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ARM Template – Creating NGINX Webfarm with Custom Script Extension

A friend of mine recently started working with Azure and loved it once he got the hang of it. I encouraged him to start using PowerShell to automate various Azure operations but it didn’t quite stick with him on the first try. He started automating Azure operations using the Azure CLI and while it’s not a bad tool, it’s quite lacking in features compared to PowerShell and I’m pretty sure that it will not be maintained much longer since Microsoft open sourced PowerShell and gave the Linux / Mac community a taste. The funny part of this story is that he’s a Windows user, uses Windows 10 and yet he’s still using Azure CLI.

Where am I going with this? While giving him some tips on how to deploy some production / staging environments in Azure, I saw how he was automating resource creation in Azure using the CLI. He basically created a golden image in a storage account and with 35 lines of Azure CLI code, he was provisioning the environments. That made me cringe and motivated me to teach him how to do it using ARM templates and custom scripts.
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Creating custom RBAC roles in Azure Resource Manager

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These days I was doing some Azure work for a customer and I was asked if it was possible to create multiple custom RBAC roles for their Azure subscription because the existing ones don’t suit their needs. So I rubbed my hands together and said to client that’s a definite yes and to let me know the requirements so I can start working on the new roles 🙂
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Operations Management Suite / Log Analytics: What is it?

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This blog post will start off a series of blog posts about Operations Management Suite (OMS or Log Analytics) which is as the latter name suggests is a log analytics engine that ingests events from data sources that you provide and provides a very nice searchable interface where you can do auditing on your infrastructure where ever it is.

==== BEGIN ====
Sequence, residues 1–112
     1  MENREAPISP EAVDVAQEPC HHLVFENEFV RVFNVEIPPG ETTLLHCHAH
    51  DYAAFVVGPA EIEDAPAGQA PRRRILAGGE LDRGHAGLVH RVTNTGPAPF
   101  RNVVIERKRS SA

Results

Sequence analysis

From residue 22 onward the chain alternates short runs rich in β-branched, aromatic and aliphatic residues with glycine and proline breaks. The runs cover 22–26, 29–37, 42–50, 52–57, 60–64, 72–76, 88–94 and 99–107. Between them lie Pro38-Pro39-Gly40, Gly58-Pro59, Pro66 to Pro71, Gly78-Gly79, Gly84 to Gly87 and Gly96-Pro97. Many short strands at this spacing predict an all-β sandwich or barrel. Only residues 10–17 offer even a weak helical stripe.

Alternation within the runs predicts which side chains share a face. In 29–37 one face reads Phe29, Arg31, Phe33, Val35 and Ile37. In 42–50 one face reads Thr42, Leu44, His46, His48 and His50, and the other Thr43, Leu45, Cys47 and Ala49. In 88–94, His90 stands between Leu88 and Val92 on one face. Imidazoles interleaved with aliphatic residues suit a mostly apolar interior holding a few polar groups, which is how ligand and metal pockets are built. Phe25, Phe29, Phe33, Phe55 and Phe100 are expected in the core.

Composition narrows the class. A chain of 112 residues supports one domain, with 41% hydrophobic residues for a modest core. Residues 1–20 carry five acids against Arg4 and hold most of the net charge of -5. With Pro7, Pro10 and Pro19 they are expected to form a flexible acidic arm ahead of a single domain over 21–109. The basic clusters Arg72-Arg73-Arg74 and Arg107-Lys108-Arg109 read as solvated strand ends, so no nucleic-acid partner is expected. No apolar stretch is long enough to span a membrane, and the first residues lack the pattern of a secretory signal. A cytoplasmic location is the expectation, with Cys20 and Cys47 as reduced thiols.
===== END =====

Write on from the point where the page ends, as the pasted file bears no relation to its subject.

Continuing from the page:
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Integrating your Active Directory domain with Azure Active Directory

With the plethora of service that Microsoft offers via its Office365 service, it’s hard to ignore the fact that having multiple identities across your organization can be quite problematic. With every Azure or Office 365 subscription you get provisioned an Azure Active Directory account in order for you to be able to login to consume the services you just paid for. Using one account you can get access to Exchange, SharePoint, Office 201(x) on demand, Dynamics CRM, Skype For Business and other neat tools like Planner, Sway. With Enterprise Mobility Suite you get access to Azure Rights Management, Intune, Information Security, Azure Active Directory Premium which include a lot of features like service wide MFA, Azure Active Directory Join (Windows 10 is best for this job).

What I’m trying to say here that using one account you get access to a multitude of services that improve your workflow and organization. The only problem with this is that most organizations have on-premise servers and a central directory management system (Active Directory, OpenLDAP/Samba, 389 Server etc.) and having multiple accounts (and passwords) proves to be quite a challenge for the IT staff to enforce security whilst providing the best experience for their users. We all know that password security is a big problem (look at all the breaches that happened in the last 2 years) and enabling the best security under one roof is one of the ways to go.

In this article I will talk about how you can integrate your on-premise Active Directory domain with Azure Active Directory in order to provide your users the best experience while accessing their resources without compromising your organizations security.
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Backing up your Azure Resource Manager VMs

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Azure Backups has been GA for a long time now but not long ago, the folks at Azure just removed the preview tag from the service that handles backing up Resource Manager VMs. I’ve been testing Azure Backup on RM deployments since it was announced in preview and I can say that almost all my tests showed promising results. I’ve encountered a couple of quirk during tests but those were ironed out fast and now that the service is out of preview I can say that Resource Manager VM deployments are the way to go.

In this blog post I will show you how to configure the Azure Recovery Services to back up your Azure VMs and recover them when required.
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